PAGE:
The US House of Representatives this week passed a bill to give foreign-flag cruise ships a temporary cabotage waiver, enabling them to operate in Alaska without a foreign stop. The legislation earlier passed in the Senate.
H.R. 1318, the Alaska Tourism Recovery Act, passed by unanimous consent in the House where it was hailed by Alaska Rep. Don Young, its sponsor, as an opportunity to conserve the people and tourism industry of Southeast Alaska.
'This season, cruise passengers will safely sail to our state to support Alaska's jobs and economy — not BC's,' Young tweeted, referring to neighboring British Columbia in Canada
The legislation waives the Passenger Vessel Services Act for as long as Canada' cruise ban is in place (currently, through February 2022). This would allow foreign-flag ships to transport passengers between Washington state and Alaska.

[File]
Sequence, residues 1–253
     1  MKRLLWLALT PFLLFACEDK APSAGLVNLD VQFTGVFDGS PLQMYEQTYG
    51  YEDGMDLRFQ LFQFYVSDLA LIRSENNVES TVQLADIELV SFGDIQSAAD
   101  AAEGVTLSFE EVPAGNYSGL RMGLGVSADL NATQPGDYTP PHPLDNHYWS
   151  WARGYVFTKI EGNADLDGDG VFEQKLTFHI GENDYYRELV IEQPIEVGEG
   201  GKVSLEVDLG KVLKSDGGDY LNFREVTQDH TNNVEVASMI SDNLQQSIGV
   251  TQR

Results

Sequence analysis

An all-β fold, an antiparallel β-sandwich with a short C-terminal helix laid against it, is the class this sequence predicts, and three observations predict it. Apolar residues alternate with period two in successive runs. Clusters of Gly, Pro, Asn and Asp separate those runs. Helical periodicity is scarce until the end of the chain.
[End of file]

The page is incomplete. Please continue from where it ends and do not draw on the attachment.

The bill is a hard-won victory for the Alaska congressional delegation, which has been working on all fronts — including diplomacy with Canada — to find a solution to the economic toll on port cities that rely on cruise tourism.
Anyhow cruise lines still have to get through the Centers for Disease Control and Prevention's conditional sailing order, and have estimated it takes 60 to 90 days to start up a ship.
Executives like Harry Sommer, president and CEO of Norwegian Cruise Line, have stated that if cruising could start in Alaska by early to mid-July, it's 'absolutely' worth going.